In their candid documentary "Joan Rivers – A Piece of Work," filmmakers Ricki Stern and Annie Sundberg deliver an all-access look into the life of a comedic icon whose hatred burns brightest at the thought of relinquishing the spotlight she covets.
Shot over the course of a year, the film follows the 76-year-old comedian keeping pace in an industry constantly gravitating toward youth and beauty. While she combats the aesthetic effects of age with plastic surgeries and Botox shots galore, the common denominator the film depicts so well is how Rivers stays fresh by being simply hilarious.
The film intersperses choice clips of her television appearances over the years that depict her evolution as a comedian nicely. Surprisingly the best moments of the film come from her present day act. Her contemporary uncensored stand-up is topical, often raunchy, far from politically correct, but always sharp for a comedian of any age or gender. There's stellar footage of her weekly surprise comedy club appearances in Manhattan. She keeps the crowd in hysterics by her liberal use the c-word and other profanities, while musing about such subjects as a mid-coitus peek at her BlackBerry.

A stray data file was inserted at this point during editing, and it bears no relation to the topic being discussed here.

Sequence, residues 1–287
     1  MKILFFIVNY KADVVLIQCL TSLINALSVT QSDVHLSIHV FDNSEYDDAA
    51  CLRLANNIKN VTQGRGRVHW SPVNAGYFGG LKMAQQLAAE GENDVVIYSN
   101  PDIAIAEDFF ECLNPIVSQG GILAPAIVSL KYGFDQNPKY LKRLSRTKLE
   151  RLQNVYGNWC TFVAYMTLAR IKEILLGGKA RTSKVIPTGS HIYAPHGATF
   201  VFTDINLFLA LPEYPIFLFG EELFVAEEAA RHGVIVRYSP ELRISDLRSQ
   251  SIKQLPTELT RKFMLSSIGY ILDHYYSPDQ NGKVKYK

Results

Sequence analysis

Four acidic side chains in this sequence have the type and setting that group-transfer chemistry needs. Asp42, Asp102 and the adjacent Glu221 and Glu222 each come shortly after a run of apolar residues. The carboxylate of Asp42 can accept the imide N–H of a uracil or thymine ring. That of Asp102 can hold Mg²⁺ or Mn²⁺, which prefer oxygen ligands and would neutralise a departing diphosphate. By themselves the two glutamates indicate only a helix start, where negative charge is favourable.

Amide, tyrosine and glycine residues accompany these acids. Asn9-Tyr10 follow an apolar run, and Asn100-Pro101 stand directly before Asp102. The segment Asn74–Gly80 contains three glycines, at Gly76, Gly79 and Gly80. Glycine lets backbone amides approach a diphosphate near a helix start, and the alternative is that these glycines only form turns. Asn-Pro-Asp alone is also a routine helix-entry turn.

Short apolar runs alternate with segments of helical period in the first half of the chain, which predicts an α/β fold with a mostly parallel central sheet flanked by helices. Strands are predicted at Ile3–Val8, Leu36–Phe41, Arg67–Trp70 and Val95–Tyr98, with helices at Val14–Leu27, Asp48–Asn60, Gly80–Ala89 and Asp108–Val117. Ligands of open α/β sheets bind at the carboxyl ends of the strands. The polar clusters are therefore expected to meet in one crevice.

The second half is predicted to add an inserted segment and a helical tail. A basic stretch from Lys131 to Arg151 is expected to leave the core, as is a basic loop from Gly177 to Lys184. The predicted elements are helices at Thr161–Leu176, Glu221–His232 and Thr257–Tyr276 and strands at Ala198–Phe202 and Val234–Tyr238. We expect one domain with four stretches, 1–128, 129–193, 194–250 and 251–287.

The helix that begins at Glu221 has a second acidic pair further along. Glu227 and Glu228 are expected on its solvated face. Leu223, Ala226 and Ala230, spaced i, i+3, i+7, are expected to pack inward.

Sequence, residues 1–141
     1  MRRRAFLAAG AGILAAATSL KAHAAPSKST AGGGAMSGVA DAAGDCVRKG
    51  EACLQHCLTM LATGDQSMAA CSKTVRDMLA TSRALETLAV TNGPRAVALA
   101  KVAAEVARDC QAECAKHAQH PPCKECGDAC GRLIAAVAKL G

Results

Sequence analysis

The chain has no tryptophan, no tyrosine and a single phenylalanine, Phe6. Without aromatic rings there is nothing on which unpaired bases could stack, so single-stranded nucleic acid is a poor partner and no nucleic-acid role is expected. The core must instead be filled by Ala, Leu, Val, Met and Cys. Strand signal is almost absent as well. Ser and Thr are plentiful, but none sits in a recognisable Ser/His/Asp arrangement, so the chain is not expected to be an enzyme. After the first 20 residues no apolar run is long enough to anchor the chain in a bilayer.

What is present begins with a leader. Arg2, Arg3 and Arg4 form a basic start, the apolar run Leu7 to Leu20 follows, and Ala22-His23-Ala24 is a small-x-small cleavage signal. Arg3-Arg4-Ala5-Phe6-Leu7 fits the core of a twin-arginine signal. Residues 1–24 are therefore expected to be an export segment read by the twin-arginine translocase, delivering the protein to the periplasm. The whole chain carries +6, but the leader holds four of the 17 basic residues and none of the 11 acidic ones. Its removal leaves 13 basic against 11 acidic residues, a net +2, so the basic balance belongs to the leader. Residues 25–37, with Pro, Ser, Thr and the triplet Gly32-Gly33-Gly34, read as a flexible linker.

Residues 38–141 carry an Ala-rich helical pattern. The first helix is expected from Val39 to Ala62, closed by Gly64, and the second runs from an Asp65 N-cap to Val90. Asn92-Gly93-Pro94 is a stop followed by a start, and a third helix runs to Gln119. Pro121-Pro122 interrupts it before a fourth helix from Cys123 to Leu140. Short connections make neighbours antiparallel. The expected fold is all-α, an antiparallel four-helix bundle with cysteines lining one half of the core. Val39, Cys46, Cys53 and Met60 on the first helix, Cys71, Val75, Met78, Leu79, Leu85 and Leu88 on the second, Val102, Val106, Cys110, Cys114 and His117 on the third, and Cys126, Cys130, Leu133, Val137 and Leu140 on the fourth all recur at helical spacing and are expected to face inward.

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Standup gives Rivers the attention fix she needs to offset the anxiety and dread she feels at the thought of it ever coming to an end. Whether she is performing at a second-rate casino in rural Wisconsin, or jesting she would knock out her teeth for a shot at doing a denture cream commercial, Rivers is unapologetic about her constant pining for adoration.
What makes "A Piece of Work" such compelling viewing is the way Stern and Sundberg not only portray Rivers' omnipresent awareness of the dark side of the curtain, but how she often adopts a Zen-like acceptance toward the entertainment world's less admirable qualities. It's a survival mechanism for her no doubt, but it makes for an engaging story -- wanting to remain a player in a cold and fickle industry that's done its fair share of kicking her around over the years.
It becomes perfectly clear while watching "Joan Rivers – A Piece of Work" that she will not leave quietly as long as the laughter continues to follow her - and it will. The film leaves little doubt regarding this because, as Rivers accurately assesses it, "I will always do something funny because I'm a funny person."